In Covering Chemical Spill, Ward Zags When Others Zig

April 15, 2014

Inside Story

 

This aerial photograph shows the Freedom Industries tank farm along the Elk River in Charleston, WV. The arrow identifies Tank 396, which leaked the coal-cleaning chemical Crude MCHM into the river on Jan. 9, 2014, contaminating the drinking water of 300,000 West Virginians for weeks. Photo: Commercial Photography Services of WV via U.S. Chemical Safety Board.

Ken Ward Jr. is a staff reporter for the Charleston (WV) Gazette, and has been nationally recognized for his reporting on coal mining, the environment and workplace safety. Most recently he has been reporting on the Freedom Industries chemical spill in January2014 that left up to 300,000 people within nine West Virginia counties without access to drinking water. Ward spoke to SEJournal’s“Inside Story” editor Beth Daley about his work on the Freedom Industries spill story.

SEJournal: When you first heard of the Freedom Industries spill, who or what did you turn to first to report? Why? What came next?

Ken Ward Jr.: My first call was to a guy at our Department of Environmental Protection who handles emergency response, who is actually from my hometown and who I have known for years. He’s always good for a quick description of what appears to have happened and how the response is going. Hours later, when they announced the “do not use” the water order, I started trying to find out more about the chemical involved, “Crude MCHM,” by first circling back to my DEP source for a copy of the “material safety data sheet”or MSDS. Then I called some local toxicologists who had reviewed it to try to find out as much as I could on deadline about the potential effects of this chemical. It turned out that there just isn’t much known, as is the case for most chemicals used in our society.

SEJournal: It’s clear from your reporting you have developed critical sources you can rely on to fact-check what government and industry officials are saying – or not saying. How important was this in the Freedom spill and how did you develop those sources?

Ward: It’s always critical not to take the government’s word for anything. Like I.F. Stone said, “All governments lie.” In this instance, it was especially important to have outside sources and independent experts, because state and federal agencies were often not very cooperative in providing much-needed information to answer questions our neighbors had about their water supply. EPA and CDC were especially difficult to get answers from. In this case, I’ve covered local coal and chemical industries for a long time, so I have a decent collection of sources. I also reached out to several SEJ friends who were very helpful in providing specific experts on particular areas, like the development of a short-term screening level for how much MCHM was acceptable in water. Those sources helped us explain to our readers the kinds of unknowns, data gaps and other questions that existed about the CDC’s work on that screening level – absent CDC itself being willing to talk about those issues.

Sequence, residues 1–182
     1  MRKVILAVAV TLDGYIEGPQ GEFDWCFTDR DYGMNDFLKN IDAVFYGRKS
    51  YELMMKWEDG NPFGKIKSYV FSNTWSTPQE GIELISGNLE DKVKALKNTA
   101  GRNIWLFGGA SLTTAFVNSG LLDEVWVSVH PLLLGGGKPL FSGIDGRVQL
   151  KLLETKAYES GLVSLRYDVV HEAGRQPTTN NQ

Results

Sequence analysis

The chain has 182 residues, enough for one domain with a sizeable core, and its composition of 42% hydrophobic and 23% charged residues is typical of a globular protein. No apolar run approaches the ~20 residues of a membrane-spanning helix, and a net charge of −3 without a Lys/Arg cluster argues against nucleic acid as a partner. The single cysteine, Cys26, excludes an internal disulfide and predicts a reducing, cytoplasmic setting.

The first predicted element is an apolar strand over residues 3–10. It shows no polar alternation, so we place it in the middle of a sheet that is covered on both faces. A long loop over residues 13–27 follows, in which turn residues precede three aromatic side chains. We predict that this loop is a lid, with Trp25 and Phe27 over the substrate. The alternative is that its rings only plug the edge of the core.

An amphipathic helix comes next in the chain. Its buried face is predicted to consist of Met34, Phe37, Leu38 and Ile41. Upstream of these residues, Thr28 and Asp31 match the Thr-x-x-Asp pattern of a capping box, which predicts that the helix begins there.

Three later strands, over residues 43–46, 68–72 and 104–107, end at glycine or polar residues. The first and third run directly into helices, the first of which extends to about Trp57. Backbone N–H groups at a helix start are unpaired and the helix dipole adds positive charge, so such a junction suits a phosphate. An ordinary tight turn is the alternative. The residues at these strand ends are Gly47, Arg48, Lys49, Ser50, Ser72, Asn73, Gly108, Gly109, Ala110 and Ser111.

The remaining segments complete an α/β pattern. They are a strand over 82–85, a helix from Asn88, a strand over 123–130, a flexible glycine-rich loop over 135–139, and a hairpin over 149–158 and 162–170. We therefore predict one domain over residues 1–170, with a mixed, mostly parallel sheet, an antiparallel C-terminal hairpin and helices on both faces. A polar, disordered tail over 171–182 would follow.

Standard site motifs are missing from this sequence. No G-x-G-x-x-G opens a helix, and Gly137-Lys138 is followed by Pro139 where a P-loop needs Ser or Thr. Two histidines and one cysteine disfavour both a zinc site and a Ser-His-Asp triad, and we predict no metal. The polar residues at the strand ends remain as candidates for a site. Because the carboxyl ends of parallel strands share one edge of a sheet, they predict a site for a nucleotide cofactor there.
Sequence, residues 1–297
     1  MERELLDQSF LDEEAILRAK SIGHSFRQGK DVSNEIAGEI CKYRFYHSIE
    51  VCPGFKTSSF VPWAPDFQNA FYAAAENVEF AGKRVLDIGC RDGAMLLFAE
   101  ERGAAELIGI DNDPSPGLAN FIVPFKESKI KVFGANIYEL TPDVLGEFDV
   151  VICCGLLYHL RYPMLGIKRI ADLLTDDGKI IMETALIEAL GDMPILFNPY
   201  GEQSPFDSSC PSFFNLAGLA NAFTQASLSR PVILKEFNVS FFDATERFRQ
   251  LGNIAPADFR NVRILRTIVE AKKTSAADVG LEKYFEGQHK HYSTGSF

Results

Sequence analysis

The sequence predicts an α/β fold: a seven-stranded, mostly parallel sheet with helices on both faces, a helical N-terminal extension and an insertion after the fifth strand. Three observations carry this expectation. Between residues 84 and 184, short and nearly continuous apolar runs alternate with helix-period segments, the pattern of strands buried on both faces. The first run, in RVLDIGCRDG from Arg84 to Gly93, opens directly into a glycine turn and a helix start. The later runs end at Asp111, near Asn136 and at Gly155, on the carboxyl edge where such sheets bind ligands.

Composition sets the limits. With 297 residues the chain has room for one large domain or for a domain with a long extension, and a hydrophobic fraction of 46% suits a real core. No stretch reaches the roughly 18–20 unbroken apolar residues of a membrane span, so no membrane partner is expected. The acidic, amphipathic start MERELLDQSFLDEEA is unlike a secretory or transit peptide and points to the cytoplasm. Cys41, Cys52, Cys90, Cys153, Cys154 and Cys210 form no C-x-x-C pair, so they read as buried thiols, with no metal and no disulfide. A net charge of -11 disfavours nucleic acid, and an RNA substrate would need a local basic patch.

SEJournal: Your Coal Tattoo blog is considered a must-read for the public, industry and government. How do you cut through what can be emotion and rhetoric on both sides of the issue to get to the truth? What and who do you rely on?

Ward: I’m not sure that I do cut through the emotion and rhetoric. And I would say there’s absolutely nothing wrong with people being emotional about issues that affect both their health and safety and their ability to provide for their families. Journalists or government officials or industry lobbyists who pretend emotion has no place in these discussions are sending us down the wrong path in covering environmental stories. On my blog, I require everyone to be respectful of those they disagree with, and to provide links or citations to scientific articles or other sources to support their claims. These requirements have lost me many readers – who believe the Internet should be a place for them to pontificate without being held accountable for what they say. But I’d rather have a smaller group of commenters who provide a higher level of discussion. My blog doesn’t always get there, but I try to push it in that direction. I’m a very hands-on moderator of Coal Tattoo.